It is as dangerous to discount Iraq’s interest in missiles as it is to discount its possible use of other delivery systems. Table 11.1 has shown that Iraq has invested billions of dollars in importing missiles and creating missile production facilities. It has also conducted two major missile wars. The first was during the Iran-Iraq War, where Iran initiated large-scale ballistic missile attacks, but which Iraq dominated by developing extended-range missiles and firing them at far greater rates than Iran could match. Iraq fired a total of 516 Scud and Improved Scud missiles during that conflict. The second missile war took place during the Gulf War, when Iraq fired a total of 93 long-range missiles. The types that have been identified include 84 Al-Husayns, 3 Al Husyan-Shorts, and 1 Al-Hijrarah (with a cement warhead). 1
There are severe limits on Iraq’s current missile capabilities. Its previous missile firings depended on Iraq’s ability to import the Scud B before the Gulf War and the massive missile modification and production effort it began during the Iran-Iraq War. UNSCOM has almost certainly been successful in locating and destroying most of these missiles and production capabilities. While Iraq seems to retain some of its long-range Scuds, launchers, and support equipment to reconstitute a small missile force, UNSCOM is still seeking to track down and destroy all of these systems, but it feels it has accounted for 817 of the 819 missiles Iraq imported up to 1988, although Iraq may have produced additional missiles in Iraq. Iraq is unlikely to retain a breakout capability in excess of 10–20 missiles, and it will take some years once sanctions are lifted for Iraq to rebuild its production facilities. 2 Desert Fox damaged Iraq’s missile production capabilities enough to delay production by anywhere from six months to two years.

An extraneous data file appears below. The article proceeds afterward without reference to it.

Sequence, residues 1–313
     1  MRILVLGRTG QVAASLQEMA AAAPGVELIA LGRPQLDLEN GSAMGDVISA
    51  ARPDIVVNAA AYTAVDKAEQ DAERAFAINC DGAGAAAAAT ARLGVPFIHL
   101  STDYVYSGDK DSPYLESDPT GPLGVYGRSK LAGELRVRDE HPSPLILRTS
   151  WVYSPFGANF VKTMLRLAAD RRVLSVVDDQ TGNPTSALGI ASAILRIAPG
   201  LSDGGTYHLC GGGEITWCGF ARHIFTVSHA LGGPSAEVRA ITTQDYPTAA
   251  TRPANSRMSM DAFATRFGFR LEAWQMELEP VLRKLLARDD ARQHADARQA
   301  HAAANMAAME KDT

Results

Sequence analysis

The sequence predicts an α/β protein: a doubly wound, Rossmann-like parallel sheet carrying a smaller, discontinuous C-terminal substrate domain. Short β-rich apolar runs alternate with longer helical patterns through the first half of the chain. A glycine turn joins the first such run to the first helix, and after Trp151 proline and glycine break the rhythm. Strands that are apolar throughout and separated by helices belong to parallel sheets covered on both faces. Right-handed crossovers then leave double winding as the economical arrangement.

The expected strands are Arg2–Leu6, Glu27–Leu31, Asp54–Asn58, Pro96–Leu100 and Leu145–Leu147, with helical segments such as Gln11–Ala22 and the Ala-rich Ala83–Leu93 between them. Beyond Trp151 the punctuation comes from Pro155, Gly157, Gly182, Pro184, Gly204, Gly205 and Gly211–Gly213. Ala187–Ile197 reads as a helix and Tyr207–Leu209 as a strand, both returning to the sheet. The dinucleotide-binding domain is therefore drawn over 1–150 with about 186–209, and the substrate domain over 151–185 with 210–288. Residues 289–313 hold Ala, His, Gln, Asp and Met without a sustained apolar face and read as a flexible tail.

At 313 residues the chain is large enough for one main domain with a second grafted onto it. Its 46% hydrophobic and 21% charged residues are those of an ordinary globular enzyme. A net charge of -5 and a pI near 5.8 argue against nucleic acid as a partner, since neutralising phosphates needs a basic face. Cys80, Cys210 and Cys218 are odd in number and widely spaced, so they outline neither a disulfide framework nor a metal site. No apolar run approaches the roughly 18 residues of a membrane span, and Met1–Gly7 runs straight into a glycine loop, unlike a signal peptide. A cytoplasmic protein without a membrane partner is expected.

At the same time, Iraq can probably still deploy a limited number of extended range Scud missiles, possibly with chemical or biological warheads. It may well